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In the history of rivalries and conflicts in the MENA region, Saudi Arabia’s threat to transform Qatar into an island is an unprecedented example of how far one country will go to isolate another.
The announcement by state-linked Saudi newspapers on 9 April 2018 that Saudi Arabia could turn Qatar into an island was taken by most media to be a joke or crazy plan, along the same lines as US President Donald Trump declaring that Mexico would pay for a wall between their two countries.
According to the announcement, the plan would entail digging a maritime canal along Saudi Arabia’s border with Qatar, turning it into an island and allowing shipping to bypass the emirate. To do so, Saudi Arabia would use Egyptian engineers who have experience building the Suez Canal. The costs have been put at 2.8 billion Saudi riyals ($750 million) and work could start within a year if approved. While parts of the canal could become tourist attractions with resorts and marinas for sports clubs, a Saudi military base would be established on a 1km stretch of land that separates Qatar’s border from the Salwa water channel. The rest of the area would be converted into a waste dump for a planned Saudi nuclear reactor. Designs suggest that the canal would be 60km in length, 200 metres wide and between 15 and 20 metres deep. So far, no official statement has been issued confirming the likelihood of the plan.
This is the latest in the deepening crisis between Qatar and its neighbours, who accuse the emirate of supporting extremists and funding terrorism. On 5 June 2017, Saudi Arabia, Bahrain, the United Arab Emirates (UAE) and Egypt severed diplomatic, trade and travel ties with Qatar. By February 2018, 12 countries, mainly in the Middle East and Africa, had joined the blockade.
In order to end the blockade, the Saudi-led bloc asked Qatar to agree to a list of 13 demands. These included cutting diplomatic ties with Iran, the Sunni Islamist organization Muslim Brotherhood, extremist Sunni organization al-Qaeda and Lebanese political party Hezbollah; shutting down the Qatari media company al-Jazeera; and ending military cooperation with Turkey.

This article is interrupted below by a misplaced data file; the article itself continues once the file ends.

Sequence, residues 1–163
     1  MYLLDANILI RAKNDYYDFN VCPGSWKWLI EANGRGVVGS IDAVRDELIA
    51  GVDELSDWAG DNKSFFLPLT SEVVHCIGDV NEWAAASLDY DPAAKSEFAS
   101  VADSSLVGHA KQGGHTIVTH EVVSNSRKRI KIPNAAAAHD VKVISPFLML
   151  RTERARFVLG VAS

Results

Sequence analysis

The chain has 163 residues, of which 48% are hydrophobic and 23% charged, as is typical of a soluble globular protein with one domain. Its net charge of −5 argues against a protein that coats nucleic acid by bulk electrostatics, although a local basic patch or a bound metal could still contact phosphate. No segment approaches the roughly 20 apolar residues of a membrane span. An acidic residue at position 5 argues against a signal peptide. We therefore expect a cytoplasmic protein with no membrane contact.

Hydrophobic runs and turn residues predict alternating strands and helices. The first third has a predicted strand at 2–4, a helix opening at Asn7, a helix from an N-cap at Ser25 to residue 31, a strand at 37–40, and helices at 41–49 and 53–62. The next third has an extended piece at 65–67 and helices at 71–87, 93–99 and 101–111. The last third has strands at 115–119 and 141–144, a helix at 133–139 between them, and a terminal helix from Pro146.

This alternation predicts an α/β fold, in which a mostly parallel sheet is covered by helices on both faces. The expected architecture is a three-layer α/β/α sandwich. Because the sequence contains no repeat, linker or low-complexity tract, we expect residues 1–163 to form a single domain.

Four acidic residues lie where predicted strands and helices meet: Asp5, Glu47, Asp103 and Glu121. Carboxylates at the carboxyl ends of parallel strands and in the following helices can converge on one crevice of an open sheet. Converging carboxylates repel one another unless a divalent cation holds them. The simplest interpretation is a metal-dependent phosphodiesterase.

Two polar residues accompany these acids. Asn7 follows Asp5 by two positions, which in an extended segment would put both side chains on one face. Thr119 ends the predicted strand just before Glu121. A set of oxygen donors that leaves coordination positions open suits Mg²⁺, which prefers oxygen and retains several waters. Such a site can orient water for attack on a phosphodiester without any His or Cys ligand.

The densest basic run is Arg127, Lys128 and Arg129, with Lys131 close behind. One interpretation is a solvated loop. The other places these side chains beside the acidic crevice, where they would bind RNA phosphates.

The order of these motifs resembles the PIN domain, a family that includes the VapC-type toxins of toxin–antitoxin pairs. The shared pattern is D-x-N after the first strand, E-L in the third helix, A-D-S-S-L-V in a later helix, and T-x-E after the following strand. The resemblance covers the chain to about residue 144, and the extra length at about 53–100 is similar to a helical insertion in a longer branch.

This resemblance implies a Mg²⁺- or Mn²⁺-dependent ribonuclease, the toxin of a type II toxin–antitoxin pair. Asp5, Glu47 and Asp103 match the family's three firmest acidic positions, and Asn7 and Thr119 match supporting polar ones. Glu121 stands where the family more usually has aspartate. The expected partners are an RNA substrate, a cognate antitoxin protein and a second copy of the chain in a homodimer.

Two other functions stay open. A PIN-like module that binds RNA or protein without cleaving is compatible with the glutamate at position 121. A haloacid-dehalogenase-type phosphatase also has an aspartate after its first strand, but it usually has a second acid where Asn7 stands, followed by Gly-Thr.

As expected, Qatar’s Foreign Minister Sheikh Mohammed bin Abdulrahman al-Thani rejected the demands on 2 July 2017. “We believe that the world is governed by international laws that don’t allow big countries to bully small countries,” he told a press conference in Italy. “No one has the right to issue to a sovereign country an ultimatum.”
Since then, Qatar has been extremely isolated. A net food importing country, it has depended on Turkey and Iran to supply the basic needs of its population of 2.7 million (including foreign workers).
More recently, the Emir of Qatar was absent from the 29th Arab Summit held in Dhahran, Saudi Arabia on 15 April 2018. “The absence of the emir … is a natural and deplorable result of the policy of arrogance adopted by Doha since the start of its crisis,” UAE State Minister for Foreign Affairs Anwar Gargash posted on his Twitter account.
Two weeks later, on 29 April, the newly appointed US Secretary of State Mike Pompeo called for unity in the Gulf region during his first foreign trip in his new role to Saudi Arabia. US officials told reporters that Pompeo would talk to Saudi Foreign Minister Adel al-Jubeir, King Salman and Crown Prince Mohammed bin Salman about solving the Gulf crisis. This came as a surprise to many as Trump had initially backed the blockade, declaring that the time had come “to call on Qatar to end its funding … and its extremist ideology”.
In June 2017, however, the State Department provided another perspective on the situation, saying that the blockading countries had failed to provide proper justification for their actions. “Now that it has been more than two weeks since the embargo started, we are mystified that the Gulf states have not released to the Qataris, nor to the public, the details about the claims they are making toward Qatar,” Heather Nauert, the State Department spokeswoman said. “At this point, we are left with one simple question: were the actions really about their concerns regarding Qatar’s alleged support for terrorism? Or were they about the long-simmering grievances between and among the GCC [Gulf Cooperation Council] countries?”
So far the lines have not moved, and the next months should show whether the US pressure on the kingdom and its allies will prove successful.
Meanwhile, in the UAE, Gargash warned Qatar it should carefully reconsider its position. “Years of conspiracy, treachery and backstabbing cannot be erased with the stroke of a pen. Now that the options are clear and serious, it is time for Doha to depart from its state of confusion and look carefully at the principles for the solution and the demands made by the four countries.”
It remains to be seen whether Qatar will respond to this veiled threat and submit to its neighbours’ demands or risk becoming more isolated than ever.